Tuesday, December 9, 2014

Creating the Engineers for the movie Prometheus: The design.

The "Sacrifice Engineer" (who dissolves at the beginning of the film) was played by model Daniel Twiss (stage name: Daniel James). The two Engineers aboard the alien vessel were played by John LeBar ("the Ghost Engineer") and Ian Whyte ("the Last Engineer"). All the actors were 6'8" or taller. All of the actors are very lean but not muscular, so their transformation into the bodybuildihg Engineers is pretty amazing.

Director Ridley Scott wanted the Engineers to resemble Greco-Roman gods.

Creature designer Neville Page designed and then sculpted the look of the Engineers. He referenced the Statue of Liberty, Michelangelo's David, and Elvis Presley.

Here are images of Page's final mock-up for the Engineers. Casts of this mock-up were taken, and a form made. The form was then applied as a body-cast to the actual actor. The final prosthetic, therefore, had an inside that matched the actor's face and body and an exterior that looked like the mock-up.







Creating the Engineers for the movie Prometheus: The body molds.

Here are shots of actor Daniel Twiss (stage name: Daniel James) undergoing body casting for the movie. The producers DID NOT want bodybuilders for the roles. They want very lean actors, so that the designers could build up or reduce the body models as necessary. If an actor has big muscles, you can't reduce very much.

In the third image, you see actor Ian Whyte completely encased in his body mold, waiting for the silicon to set so he can be taken out again.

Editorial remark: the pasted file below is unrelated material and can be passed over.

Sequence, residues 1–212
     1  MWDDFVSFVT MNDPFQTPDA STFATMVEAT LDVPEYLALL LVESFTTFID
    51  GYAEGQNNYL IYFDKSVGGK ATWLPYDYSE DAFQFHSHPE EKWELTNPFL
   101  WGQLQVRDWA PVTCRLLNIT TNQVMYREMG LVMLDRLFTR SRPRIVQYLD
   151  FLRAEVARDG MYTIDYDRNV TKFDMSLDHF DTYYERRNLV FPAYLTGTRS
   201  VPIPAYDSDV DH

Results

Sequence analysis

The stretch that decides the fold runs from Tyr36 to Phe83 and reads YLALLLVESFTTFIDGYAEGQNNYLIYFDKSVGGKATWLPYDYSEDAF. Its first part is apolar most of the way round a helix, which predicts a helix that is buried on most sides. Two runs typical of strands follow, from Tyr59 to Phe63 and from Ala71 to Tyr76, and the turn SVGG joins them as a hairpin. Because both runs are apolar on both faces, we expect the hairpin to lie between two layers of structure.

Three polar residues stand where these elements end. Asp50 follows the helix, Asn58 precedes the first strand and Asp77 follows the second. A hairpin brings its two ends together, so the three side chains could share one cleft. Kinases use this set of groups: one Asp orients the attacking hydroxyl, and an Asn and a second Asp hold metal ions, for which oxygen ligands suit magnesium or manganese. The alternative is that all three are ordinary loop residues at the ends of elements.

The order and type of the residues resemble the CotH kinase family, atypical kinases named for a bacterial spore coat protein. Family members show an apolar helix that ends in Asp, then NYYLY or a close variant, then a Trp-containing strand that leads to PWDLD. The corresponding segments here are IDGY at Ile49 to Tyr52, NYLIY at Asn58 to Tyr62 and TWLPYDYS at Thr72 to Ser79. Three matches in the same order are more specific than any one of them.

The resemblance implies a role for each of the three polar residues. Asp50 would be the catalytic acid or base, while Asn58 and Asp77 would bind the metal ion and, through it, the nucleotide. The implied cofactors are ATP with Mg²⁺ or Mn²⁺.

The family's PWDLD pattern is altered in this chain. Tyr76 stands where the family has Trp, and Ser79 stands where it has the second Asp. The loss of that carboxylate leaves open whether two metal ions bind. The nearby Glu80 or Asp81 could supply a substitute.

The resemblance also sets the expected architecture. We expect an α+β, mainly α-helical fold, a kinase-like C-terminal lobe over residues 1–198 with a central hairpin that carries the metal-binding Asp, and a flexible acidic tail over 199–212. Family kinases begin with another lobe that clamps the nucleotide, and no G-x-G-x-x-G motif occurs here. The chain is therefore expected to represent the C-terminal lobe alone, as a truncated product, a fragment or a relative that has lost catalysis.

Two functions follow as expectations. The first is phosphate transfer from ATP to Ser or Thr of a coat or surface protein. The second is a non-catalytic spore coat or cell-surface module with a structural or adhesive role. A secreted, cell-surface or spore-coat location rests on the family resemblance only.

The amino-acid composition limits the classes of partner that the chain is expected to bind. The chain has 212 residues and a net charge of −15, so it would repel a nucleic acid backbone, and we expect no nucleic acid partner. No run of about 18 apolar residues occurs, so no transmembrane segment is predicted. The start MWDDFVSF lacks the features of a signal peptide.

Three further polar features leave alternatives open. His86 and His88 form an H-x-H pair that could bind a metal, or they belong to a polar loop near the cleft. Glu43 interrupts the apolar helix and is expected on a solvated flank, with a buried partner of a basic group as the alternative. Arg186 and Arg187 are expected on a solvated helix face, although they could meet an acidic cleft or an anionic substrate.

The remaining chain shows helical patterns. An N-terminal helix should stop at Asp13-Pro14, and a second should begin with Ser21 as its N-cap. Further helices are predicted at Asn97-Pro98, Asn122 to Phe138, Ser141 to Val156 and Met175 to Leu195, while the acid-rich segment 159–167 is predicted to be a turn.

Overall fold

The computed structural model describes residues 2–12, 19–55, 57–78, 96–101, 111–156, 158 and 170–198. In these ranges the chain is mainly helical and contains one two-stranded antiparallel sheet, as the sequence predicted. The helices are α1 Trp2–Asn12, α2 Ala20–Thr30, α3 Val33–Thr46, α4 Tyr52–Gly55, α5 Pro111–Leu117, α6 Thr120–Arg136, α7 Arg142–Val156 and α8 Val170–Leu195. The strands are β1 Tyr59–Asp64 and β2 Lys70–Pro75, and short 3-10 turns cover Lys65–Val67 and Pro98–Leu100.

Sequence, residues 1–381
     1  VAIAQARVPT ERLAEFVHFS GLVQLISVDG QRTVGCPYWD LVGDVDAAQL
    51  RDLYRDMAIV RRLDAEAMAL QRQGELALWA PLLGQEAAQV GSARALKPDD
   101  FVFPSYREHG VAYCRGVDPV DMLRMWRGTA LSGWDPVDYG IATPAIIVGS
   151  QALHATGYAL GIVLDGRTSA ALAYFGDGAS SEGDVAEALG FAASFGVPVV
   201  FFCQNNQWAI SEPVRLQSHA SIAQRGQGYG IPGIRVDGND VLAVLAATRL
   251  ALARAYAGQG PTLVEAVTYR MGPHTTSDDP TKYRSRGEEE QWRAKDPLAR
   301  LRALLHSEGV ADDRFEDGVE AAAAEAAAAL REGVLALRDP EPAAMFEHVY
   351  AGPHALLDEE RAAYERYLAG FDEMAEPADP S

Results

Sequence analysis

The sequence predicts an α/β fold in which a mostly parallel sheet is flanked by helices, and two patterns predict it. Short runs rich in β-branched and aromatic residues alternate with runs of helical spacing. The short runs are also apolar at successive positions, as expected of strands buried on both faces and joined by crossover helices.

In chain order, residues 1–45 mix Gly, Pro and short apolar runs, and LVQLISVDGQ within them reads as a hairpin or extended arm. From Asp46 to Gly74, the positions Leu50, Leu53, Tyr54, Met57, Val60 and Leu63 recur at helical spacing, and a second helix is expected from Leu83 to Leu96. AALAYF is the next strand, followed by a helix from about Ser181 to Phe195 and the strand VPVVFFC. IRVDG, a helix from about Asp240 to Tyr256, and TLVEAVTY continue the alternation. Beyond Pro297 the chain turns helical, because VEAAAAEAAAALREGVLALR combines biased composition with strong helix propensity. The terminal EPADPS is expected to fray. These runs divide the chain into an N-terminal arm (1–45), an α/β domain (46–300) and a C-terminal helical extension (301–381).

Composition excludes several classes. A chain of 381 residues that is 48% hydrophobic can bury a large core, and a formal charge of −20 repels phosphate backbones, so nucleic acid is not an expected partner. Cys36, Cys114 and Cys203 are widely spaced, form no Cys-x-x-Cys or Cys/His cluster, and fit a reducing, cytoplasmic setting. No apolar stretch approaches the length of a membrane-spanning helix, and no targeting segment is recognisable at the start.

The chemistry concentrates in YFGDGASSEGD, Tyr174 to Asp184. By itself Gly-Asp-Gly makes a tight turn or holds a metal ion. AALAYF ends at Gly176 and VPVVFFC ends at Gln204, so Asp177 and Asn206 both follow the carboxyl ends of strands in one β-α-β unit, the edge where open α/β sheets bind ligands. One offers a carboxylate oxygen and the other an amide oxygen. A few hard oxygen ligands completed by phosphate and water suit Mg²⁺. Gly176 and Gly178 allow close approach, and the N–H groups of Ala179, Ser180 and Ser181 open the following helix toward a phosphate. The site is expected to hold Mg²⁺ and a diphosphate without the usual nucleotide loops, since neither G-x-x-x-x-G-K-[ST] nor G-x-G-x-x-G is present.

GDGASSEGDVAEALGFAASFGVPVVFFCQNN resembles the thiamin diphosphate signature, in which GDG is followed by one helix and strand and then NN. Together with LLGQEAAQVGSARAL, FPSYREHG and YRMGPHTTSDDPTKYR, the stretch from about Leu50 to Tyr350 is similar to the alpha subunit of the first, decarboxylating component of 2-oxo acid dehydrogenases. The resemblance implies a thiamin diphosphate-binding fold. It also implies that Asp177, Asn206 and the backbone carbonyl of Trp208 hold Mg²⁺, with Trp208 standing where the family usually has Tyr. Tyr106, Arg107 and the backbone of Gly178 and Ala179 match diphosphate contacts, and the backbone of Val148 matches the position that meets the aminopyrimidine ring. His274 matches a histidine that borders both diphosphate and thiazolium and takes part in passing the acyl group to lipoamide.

Creating the Engineers for the movie Prometheus: Applying the prosthetics.

Production designer Max Arthur and prosthetics supervisor Conor O'Sullivan said the actual prosthetics for the "naked Engineer" were made of silicon. There were 27 separate pieces to be applied to an actor's naked body. They had to be applied IN ORDER, so that no seams or breaks appeared in it. The non-reuseable pieces were then painted. The process took 10 hours.

The opaque biomechanical suit was made of latex-foam. It was nicknamed the "Pressure Suit" (fans get it wrong, calling it the "precious suit"). It, too, was applied in sections, and in order, to make seams and breaks disappear. Silicon "elements" (tubes, pipes, armor, etc.) were then glued to the latex-foam. A layer of silicon was sprayed over the encased actor, and then the actor painted.

The prosthetics were designed to look as real as possible on camera. Even so, the filmed actors were still digitally enhanced to create the "godlike" appearance director Ridley Scott wanted.

Twiss said in an interview that he had a diaper-like posing strap fitted about his genitals, and taped with masking tape to his hips. This was removed as the last pieces went on, and then his loincloth costume put on his body. He was the Engineer who "sacrifices himself" (hence the term "Sacrifice Engineer") at the glacial waterfalls. This scene was filmed at Detifoss waterfall in Iceland. Twiss said it was bitter cold there, and worse for him since he was clad in nothing more than silicon prosthetics and a loincloth!! LOL





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